Healthcare as we know it is undergoing immense changes. For someone in the healthcare industry, this comes as no surprise. Many of these changes will specifically affect the insurance industry and how physicians receive reimbursement for their care of patients. Through all the shouting and politically slanted talk, no one has really discussed a reimbursement approach that is based on the performance of a physician. The core of this idea is the so-called Accountable Care Organizations.
There have been some talk of these organizations in the past, but what exactly are they? An ACO is very similar in structure to the HMO. The ACO is designed to be a coordinated effort between healthcare providers to provide the best quality of care possible for a population of Medicare patients and to reduce overall healthcare costs. This means that health care providers will voluntarily come together to form the ACO and patients will be able to be treated by any provider in the organization. The main theme in the organization is that the group of providers is directly responsible for the quality of care, costs, and reimbursements. In theory, if a group of providers is responsible for all of these aspects then the quality of care and the savings for Medicare will all increase. Providers accomplish this by only ordering necessary tests and labs and by incorporating preventative measures. An ACO can reduce the amount of duplication of procedures and is designed specifically to improve the care for the chronically ill.
The ACO also can be very beneficial to the group of providers that run the organization. By improving the efficiency of the care for patients, there will be savings in the cost of care. Providers in the ACO will be able to share these savings and the federal government will reimburse the organization. To what extent and how the reimbursements are paid out are dependent on the type of plan that a group chooses. Due to the fact that an ACO is performance based, members will also have to share in the overall losses. The hope is that this will encourage a better performance by providers.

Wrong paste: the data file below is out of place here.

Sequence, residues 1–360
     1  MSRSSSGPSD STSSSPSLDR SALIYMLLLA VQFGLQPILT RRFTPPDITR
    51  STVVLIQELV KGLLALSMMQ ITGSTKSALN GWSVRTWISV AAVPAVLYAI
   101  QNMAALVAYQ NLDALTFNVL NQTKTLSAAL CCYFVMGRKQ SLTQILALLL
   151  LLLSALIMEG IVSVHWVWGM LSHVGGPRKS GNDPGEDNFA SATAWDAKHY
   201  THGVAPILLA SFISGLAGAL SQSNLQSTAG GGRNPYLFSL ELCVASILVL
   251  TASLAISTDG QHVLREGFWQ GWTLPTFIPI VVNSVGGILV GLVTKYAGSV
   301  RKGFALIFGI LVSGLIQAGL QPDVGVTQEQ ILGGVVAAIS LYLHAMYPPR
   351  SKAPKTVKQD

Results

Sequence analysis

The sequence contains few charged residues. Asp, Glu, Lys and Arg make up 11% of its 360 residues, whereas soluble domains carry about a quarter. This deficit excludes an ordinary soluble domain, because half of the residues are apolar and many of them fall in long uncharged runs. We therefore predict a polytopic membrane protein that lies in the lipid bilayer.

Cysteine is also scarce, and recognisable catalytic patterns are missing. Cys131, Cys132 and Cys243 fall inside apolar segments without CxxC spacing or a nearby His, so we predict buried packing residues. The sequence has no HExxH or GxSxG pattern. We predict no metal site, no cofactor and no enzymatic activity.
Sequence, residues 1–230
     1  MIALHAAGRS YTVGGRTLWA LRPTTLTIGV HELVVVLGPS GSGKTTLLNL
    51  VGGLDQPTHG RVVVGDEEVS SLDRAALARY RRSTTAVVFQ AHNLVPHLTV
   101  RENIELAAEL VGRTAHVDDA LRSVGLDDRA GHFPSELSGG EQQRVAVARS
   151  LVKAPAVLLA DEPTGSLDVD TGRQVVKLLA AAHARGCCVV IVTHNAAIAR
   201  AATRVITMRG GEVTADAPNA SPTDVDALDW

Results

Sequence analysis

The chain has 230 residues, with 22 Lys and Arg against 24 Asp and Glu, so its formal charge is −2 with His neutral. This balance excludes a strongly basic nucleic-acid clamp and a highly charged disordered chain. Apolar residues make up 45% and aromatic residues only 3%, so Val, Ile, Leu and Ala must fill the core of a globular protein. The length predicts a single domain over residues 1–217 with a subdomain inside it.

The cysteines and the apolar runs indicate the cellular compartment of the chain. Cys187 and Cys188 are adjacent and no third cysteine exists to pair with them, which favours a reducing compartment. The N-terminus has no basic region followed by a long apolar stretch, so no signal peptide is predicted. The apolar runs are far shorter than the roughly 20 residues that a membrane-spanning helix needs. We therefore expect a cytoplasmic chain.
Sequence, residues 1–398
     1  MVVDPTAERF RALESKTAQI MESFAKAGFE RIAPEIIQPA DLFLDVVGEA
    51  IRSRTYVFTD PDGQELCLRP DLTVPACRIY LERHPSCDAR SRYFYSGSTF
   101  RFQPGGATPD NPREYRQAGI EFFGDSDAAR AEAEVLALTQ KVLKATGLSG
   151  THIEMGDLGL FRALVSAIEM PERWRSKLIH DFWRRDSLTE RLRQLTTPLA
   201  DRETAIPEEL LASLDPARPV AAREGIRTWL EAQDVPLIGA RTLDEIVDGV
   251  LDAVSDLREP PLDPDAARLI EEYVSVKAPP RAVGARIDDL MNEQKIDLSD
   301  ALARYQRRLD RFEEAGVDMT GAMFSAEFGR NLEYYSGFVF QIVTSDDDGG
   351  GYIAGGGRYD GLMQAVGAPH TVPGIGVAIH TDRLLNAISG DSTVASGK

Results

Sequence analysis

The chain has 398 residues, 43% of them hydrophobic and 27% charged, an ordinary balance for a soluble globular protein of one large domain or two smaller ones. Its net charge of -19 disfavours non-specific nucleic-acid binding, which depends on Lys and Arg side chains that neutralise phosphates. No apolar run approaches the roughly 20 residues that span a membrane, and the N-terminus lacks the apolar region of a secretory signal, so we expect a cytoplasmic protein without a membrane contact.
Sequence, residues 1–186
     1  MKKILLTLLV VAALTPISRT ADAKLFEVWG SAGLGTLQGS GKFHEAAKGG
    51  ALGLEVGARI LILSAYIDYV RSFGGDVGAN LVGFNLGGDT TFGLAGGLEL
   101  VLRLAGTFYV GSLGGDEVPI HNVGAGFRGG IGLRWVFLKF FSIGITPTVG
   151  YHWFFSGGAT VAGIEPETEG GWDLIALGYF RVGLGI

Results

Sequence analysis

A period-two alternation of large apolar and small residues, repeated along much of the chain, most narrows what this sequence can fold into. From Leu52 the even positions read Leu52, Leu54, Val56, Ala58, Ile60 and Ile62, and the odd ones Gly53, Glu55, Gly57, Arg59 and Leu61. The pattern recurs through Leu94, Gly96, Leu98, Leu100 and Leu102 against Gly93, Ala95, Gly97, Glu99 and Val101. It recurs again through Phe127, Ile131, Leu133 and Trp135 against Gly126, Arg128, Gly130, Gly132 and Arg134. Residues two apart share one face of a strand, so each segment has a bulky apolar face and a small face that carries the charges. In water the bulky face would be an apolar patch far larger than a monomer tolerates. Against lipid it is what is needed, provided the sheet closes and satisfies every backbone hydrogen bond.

Figure 1. Eligible Organizations (click on graphic for clearer view)
Much of the increase in the amount of ACO’s in the United States has taken place after the implementation of the Affordable Care Act. In section 3022 of the law, the establishment of an ACO is outlined and the requirements for doing so are listed. Many commentators have pointed to the similarities between an HMO and the ACO. Although it may seem that ACO’s are very similar to the HMO there are several differences. The ACO is not run by insurers but instead by the providers. If the providers stick to the quality metrics agreed that is agreed with the insurers, they may work within their own framework. The patients that an ACO serves are not confined only to those physicians and may seek treatment from providers outside the organization. This freedom may correct some of the problems that plagued the HMO. With currently 25-30 million patients in the United States covered by an ACO, the trend is starting catch on. It will be interesting to see how healthcare costs and quality of care improves in the future once providers see the full potential of the idea.